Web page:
Monday, 11 January 2016

Because (ir)Religion

I am a little tired (and bored) of people saying 'Oh, so Because Religion!' as a rebuttal. It is cheap, thoughtless, and ignorant.

Am I supposed to defer to them, on the grounds that their personal lived experience, and their reading of the Guardian (or the Daily Mail, come to that) is real, whilst my conviction that Christ is God-made-man, and the associated philosophy built on the wisdom of centuries, is insubstantial and meaningless? It seems odd to me that anyone might expect that.

In fact, I fear that we are raising an (or another) uneducable generation, by teaching them that everything can and should be the subject of their personal 'informed' decision making.

It is made worse by the fact that most people who say Because Religion have no notion that their own philosophy, such as it is, is also based on assumptions; or indeed that they have a philosophy at all. There is frequently a naive belief in science and progress (not amongst real scientists, who are often both wise and aware of the limitations of their discipline, but in society more broadly) that does not stand a moment's scrutiny; and that is often married to an incompatible belief that everything is relative. When I ask them to name their assumptions, they are typically unable to do so.

So I discern both a paucity of thought and a staggering arrogance. It was Maslow, of all people who nailed it. We are raising, he lamented, a generation that has lost that great Jewish virtue: respect for the teacher, for the wiser man.

Whilst Isaac Newton was not the first to say it (Wikipedia tells me the idea can be traced back at least as far as Bernard of Chartres), Newton's understanding that If I have seen further, it is by standing on the shoulders of giants is a great insight. Yet by encouraging 'independent learners' to work everything out for themselves (in the humanities, less so in the sciences, perhaps) we are depriving them of that high vantage point and encouraging them to squirm in the mud, all the while believing that they are wiser than their forebears (and anyone contemporary who has the temerity to disagree with them) Because Science (or sometimes, Because Progress).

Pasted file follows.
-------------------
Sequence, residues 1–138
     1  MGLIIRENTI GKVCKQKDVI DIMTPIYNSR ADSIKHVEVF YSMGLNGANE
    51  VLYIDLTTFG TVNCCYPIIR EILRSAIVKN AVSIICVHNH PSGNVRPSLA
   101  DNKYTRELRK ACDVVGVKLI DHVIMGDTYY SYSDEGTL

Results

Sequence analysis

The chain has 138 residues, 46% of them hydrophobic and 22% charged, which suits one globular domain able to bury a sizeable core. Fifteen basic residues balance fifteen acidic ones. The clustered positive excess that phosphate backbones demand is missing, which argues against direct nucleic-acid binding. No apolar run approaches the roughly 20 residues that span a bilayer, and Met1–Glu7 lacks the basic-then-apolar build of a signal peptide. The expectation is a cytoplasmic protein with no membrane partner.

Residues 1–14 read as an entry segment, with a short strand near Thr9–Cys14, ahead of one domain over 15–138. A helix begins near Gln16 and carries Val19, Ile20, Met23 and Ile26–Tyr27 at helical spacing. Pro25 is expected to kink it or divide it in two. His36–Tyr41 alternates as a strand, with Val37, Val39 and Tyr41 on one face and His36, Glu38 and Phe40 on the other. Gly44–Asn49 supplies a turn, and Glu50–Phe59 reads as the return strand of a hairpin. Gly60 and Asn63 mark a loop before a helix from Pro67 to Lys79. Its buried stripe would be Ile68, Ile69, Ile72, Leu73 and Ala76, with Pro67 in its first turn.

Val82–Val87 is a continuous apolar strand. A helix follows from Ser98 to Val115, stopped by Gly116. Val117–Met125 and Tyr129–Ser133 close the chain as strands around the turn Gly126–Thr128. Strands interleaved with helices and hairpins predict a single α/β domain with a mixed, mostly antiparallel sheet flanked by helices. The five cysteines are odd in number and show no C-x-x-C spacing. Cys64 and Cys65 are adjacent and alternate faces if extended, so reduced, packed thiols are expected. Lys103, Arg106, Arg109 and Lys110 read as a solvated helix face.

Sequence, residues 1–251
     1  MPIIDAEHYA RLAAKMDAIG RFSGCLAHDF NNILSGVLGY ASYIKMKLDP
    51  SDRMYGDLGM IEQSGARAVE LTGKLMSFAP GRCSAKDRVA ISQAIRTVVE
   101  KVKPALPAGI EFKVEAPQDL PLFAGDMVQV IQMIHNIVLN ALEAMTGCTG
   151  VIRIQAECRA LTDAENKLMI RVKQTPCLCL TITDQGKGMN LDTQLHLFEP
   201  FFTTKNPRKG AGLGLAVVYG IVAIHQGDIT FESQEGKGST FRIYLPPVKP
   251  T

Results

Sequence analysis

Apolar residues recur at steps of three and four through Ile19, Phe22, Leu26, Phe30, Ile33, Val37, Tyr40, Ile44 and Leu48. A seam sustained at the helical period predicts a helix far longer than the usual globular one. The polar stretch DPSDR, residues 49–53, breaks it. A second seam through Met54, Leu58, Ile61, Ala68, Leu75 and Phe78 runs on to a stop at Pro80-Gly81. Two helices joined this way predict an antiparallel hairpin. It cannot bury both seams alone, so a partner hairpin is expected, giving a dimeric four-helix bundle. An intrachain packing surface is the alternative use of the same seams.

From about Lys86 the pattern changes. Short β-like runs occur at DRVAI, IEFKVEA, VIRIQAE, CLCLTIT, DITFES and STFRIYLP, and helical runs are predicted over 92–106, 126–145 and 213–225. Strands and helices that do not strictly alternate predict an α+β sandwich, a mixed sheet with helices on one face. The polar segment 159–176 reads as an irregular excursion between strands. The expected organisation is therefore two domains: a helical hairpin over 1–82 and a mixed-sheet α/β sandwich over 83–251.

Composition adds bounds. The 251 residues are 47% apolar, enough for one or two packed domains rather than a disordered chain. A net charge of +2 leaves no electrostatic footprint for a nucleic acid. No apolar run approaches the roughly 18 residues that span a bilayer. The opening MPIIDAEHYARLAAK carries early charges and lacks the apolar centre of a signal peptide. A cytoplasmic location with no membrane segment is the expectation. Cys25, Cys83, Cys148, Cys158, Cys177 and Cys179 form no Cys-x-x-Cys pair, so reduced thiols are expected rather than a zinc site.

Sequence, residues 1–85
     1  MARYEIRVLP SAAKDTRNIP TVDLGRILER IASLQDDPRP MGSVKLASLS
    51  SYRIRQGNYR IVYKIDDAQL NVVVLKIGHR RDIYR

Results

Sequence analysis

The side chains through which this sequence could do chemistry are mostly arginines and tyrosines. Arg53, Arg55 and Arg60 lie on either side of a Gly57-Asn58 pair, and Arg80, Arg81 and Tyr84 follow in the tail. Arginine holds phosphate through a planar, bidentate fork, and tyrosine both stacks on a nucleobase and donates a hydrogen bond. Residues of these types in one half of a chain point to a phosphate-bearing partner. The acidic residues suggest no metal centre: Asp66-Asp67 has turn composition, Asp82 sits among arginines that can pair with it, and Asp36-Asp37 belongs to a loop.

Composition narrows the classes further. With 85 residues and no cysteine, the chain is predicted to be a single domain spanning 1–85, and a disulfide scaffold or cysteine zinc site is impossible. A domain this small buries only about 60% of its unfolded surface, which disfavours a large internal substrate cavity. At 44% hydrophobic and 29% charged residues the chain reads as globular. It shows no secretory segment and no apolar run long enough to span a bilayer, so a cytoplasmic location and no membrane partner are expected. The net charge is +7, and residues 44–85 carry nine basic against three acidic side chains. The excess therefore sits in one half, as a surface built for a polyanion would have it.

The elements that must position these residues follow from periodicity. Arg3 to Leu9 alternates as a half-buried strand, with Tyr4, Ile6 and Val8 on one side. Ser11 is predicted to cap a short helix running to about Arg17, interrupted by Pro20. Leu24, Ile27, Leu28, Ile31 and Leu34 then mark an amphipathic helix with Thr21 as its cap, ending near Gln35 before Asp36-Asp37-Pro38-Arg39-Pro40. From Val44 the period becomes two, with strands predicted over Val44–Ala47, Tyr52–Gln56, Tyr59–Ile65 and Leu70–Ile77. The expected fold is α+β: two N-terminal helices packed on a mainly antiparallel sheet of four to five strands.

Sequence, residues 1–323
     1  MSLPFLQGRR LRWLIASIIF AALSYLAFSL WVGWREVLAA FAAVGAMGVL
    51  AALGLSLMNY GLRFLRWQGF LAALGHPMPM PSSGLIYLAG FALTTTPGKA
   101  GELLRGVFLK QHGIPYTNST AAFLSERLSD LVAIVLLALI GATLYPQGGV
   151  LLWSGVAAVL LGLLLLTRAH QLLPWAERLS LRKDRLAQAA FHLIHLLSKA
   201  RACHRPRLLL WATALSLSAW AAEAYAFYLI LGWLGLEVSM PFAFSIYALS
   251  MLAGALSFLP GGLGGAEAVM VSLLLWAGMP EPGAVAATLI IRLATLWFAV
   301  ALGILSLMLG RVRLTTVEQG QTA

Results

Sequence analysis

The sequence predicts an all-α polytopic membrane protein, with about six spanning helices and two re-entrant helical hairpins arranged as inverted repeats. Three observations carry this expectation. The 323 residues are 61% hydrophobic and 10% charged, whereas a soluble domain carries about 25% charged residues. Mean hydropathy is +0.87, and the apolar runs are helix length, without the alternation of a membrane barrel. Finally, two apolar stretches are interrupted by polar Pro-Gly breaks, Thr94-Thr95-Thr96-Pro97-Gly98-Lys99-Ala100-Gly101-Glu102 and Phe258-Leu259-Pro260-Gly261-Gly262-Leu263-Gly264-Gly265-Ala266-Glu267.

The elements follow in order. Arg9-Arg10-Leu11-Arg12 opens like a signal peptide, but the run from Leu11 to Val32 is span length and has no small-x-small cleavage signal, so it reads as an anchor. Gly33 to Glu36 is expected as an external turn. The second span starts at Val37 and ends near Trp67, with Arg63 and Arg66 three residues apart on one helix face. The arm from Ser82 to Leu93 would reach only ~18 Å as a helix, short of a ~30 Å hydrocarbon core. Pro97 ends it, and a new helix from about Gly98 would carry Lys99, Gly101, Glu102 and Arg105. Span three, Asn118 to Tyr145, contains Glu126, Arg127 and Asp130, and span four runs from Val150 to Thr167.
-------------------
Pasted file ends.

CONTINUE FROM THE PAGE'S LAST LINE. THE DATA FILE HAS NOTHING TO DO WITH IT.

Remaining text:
spraffmeister said...

I often try and lead people to the fact that we all rely on authorities outside of ourselves for knowledge. An amusing way of doing this is asking them how they know the earth goes round the sun (after all, it's contrary to our experience). They are then forced to admit that they have relied on an external authority for this knowledge. Hopefully this prompts some introspection and examination of their own philosophy.

Part-time Pilgrim said...

Ben, I think you are doing damage to the laudable intent to develop "independent learners". It doesn't mean people who make stuff up as they go along but individuals who are capable of gathering facts and evidence, weighing arguments and developing their understanding on their own; the way most adults learn in fact.
No teachers I know advocate developing ideas without reference to the authority of the already learned (partly because that would be folly but mostly out of self-interested - it would be sawing off the branch their income is sitting on.
In any case the "because religion" repeaters are those who have uncritically accepted other external authorities (such as Dawkins who actually have very little authority) uncritically rather than coming up with their ideas independently.